Open access peer-reviewed chapter - ONLINE FIRST

Donor Assessment and Management for Heart Transplantation

Written By

Norihide Fukushima

Submitted: January 7th, 2022 Reviewed: March 15th, 2022 Published: April 21st, 2022

DOI: 10.5772/intechopen.104504

IntechOpen
Heart Transplantation - New Insights in Therapeutic Strategies Edited by Norihide Fukushima

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Heart Transplantation - New Insights in Therapeutic Strategies [Working Title]

Prof. Norihide Fukushima

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Abstract

For many years, heart transplantation has been an established procedure for patients with end-stage heart failure using the so-called “Standard Criteria” for an optimal heart donor. However, annually listed patients for heart transplantation greatly increased worldwide, and the use of extended criteria donor hearts has been utilized as many as possible in many countries. In this chapter, firstly, pathophysiology of brain death is explained. Secondly, donor assessment and issues of extended criteria donors are introduced. Then, donor management to maximize the heart graft availability, and the Japanese donor assessment and evaluation system and its outcome are reviewed.

Keywords

  • heart transplantation
  • donor assessment
  • donor management
  • anti-diuretic hormone (ADH)
  • denervation
  • brain death

1. Introduction

Heart transplantation (HTx) has been established as the definitive therapeutic strategy in end-stage organ failure patients and results in satisfying long-term results. However, this surgical therapy is extremely limited by severe donor organ shortages worldwide, especially in Japan [1]. Therefore, adequate, and optimal assessment and management for deceased organ donors are mandatory to increase heart graft availability [2].

As the revised Japanese Transplant Act was issued on 17th July 2010 and organs can be donated after brain death (BD) with their family’s consent if he or she does not deny organ donation since this revision [1], BD organ donation increased from 13 cases in 2009 to 97 cases in 2019. However, the number of HTx was still extremely smaller than in other developed countries. The extraordinarily severe organ shortage and long waiting time for HTx had made Japanese transplant programs consider using extended criteria donor (ECD) hearts.

The most troublesome issue facing HTx is primary allograft dysfunction (PGD) [3, 4]. This complication is the leading cause of early post-HTx death in the world. The use of ECD hearts may increase the PGF rate. Therefore, it is essential to establish a special donor evaluation and management system to maximize donor heart utilization. Maximizing donor heart availability is also the last wish of donors and donor families. However, if a transplant recipient dies soon after HTx due to PGD, the donor family feels the loss of their lover again. Therefore, donor management strategies to improve heart graft function and reduce early post-HTx mortality are very important for the donor family as well as for recipients [2, 3, 4].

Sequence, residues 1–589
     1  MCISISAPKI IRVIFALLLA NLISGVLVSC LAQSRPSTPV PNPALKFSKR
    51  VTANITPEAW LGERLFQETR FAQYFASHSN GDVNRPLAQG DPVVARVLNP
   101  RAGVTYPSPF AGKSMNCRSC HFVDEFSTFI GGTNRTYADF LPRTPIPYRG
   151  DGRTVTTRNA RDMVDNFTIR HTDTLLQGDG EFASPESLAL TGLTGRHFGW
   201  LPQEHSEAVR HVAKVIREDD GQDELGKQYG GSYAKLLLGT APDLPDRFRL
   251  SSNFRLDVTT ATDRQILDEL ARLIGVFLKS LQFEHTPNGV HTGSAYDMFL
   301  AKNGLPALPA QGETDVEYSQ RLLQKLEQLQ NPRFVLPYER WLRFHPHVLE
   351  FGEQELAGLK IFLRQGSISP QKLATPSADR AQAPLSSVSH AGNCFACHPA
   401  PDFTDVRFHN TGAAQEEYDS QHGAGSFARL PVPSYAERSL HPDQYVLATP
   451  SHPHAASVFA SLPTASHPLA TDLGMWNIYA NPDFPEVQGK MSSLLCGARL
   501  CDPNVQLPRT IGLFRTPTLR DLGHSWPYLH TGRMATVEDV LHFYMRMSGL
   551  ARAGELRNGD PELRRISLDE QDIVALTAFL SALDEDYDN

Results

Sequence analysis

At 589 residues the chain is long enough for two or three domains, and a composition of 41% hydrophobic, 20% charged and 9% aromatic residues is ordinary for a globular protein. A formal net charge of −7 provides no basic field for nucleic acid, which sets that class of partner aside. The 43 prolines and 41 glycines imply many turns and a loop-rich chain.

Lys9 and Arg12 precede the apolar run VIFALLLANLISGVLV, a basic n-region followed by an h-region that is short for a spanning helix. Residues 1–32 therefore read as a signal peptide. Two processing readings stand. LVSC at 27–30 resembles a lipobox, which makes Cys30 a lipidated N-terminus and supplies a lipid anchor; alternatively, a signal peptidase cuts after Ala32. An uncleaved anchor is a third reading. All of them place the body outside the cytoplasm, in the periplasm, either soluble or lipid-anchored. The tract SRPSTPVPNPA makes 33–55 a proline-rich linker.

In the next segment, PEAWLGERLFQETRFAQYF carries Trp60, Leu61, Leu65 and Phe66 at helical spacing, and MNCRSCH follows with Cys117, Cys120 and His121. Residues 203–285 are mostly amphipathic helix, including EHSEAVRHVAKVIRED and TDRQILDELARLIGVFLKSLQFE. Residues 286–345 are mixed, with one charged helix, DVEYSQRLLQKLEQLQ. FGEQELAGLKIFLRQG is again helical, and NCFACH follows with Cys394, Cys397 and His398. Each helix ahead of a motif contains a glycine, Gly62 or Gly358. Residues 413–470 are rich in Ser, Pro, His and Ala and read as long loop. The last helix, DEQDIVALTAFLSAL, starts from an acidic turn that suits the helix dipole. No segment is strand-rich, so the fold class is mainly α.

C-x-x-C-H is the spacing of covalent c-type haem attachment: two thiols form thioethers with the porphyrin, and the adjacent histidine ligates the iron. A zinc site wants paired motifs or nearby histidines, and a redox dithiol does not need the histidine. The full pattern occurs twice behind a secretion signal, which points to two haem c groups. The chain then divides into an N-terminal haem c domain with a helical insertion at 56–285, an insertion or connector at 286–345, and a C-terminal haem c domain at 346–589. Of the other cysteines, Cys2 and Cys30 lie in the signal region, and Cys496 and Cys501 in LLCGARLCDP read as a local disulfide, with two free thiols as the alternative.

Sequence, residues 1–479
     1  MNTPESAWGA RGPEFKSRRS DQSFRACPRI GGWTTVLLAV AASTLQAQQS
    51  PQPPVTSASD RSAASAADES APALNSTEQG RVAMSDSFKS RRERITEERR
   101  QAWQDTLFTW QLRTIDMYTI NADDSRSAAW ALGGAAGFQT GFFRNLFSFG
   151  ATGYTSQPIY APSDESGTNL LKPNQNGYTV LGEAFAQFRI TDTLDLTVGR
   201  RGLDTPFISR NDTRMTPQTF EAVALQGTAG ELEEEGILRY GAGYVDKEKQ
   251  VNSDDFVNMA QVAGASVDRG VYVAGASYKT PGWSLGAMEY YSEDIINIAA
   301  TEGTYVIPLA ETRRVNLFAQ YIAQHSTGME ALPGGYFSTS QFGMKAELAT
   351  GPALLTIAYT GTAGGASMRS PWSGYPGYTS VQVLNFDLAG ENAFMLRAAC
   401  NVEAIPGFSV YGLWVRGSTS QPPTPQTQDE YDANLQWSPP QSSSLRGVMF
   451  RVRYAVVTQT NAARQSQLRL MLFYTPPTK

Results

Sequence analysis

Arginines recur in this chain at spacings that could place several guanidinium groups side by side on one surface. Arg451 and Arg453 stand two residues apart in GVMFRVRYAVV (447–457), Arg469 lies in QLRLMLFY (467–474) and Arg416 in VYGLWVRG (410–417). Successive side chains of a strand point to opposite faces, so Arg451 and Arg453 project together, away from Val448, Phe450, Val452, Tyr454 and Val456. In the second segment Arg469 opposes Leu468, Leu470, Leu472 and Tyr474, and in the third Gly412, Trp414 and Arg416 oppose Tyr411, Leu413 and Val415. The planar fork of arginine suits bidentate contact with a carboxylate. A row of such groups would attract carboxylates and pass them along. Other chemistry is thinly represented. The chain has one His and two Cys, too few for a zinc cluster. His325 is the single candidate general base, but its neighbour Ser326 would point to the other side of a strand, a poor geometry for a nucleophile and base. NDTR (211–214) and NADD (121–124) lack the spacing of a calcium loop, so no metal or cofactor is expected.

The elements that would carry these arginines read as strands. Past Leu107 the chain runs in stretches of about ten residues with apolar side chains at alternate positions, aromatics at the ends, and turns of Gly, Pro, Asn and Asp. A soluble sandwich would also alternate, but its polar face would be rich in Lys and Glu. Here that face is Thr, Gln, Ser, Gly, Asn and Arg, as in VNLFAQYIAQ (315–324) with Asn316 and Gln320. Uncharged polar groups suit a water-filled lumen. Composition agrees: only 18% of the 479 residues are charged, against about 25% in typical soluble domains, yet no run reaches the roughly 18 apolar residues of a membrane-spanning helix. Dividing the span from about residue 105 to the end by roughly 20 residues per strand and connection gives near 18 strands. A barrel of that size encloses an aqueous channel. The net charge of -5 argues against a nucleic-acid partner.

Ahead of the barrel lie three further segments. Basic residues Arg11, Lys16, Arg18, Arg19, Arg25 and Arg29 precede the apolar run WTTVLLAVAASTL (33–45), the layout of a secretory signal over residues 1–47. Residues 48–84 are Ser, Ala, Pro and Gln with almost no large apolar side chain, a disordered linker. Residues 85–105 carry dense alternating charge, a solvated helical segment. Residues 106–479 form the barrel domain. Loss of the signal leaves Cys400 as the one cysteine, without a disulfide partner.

Disease-transmitted disease (DTD) is also an inherent risk of heart transplantation as well as other solid organ transplantation [5]. The Ad Hoc Disease Transmission Advisory Committee (DTAC) reported that unanticipated DTD occurred only in 0.18% of recipients, with 0.23% of proven or probable DTD to at least one recipient. DTD was related to significant morbidity and mortality with about 33% of graft loss or recipient death. The recipient death in malignancy occurred significantly higher than that in infection. Therefore, the procurement transplant coordinator (PTC) should carefully listen to the clinical course, data, and history of medical staff and family to rule out these absolute contraindications prior to obtaining informed consent for organ donation from the relatives.

Full-scale donor management begins after the potential donor is sentenced brain dead and his or her family's consent to organ donation is obtained [2, 3, 4]. Basic therapeutic strategies for donor management consist of interventions for impaired heart and lung function to optimize the patient’s hemodynamics, increase oxygen delivery to peripheral tissue, and finally improve the function of other organs, such as the liver and kidney. The hemodynamic targets are arterial blood pressure greater than 90 mmHg, central venous pressure (CVP) between 6 and 10 mmHg, urine output around 100 ml/h (0.3 to 3 ml/kg/h), and heart rate between 80 and 120/minutes. As there are only about 15 to 20 hours between the start of full-scale interventions for donor assessment and management and the start of organ retrieval surgery in Japan, we need to establish specific therapeutic strategies to optimize patient’s hemodynamics and restore the function of damaged organs as many as possible in such short period [2], which are extremely different from those in standard intensive that usually take several days to accomplish. Moreover, the donor management physicians need to understand the pathological and physiological mechanisms and characteristics of brain death from the initiation to the completion period.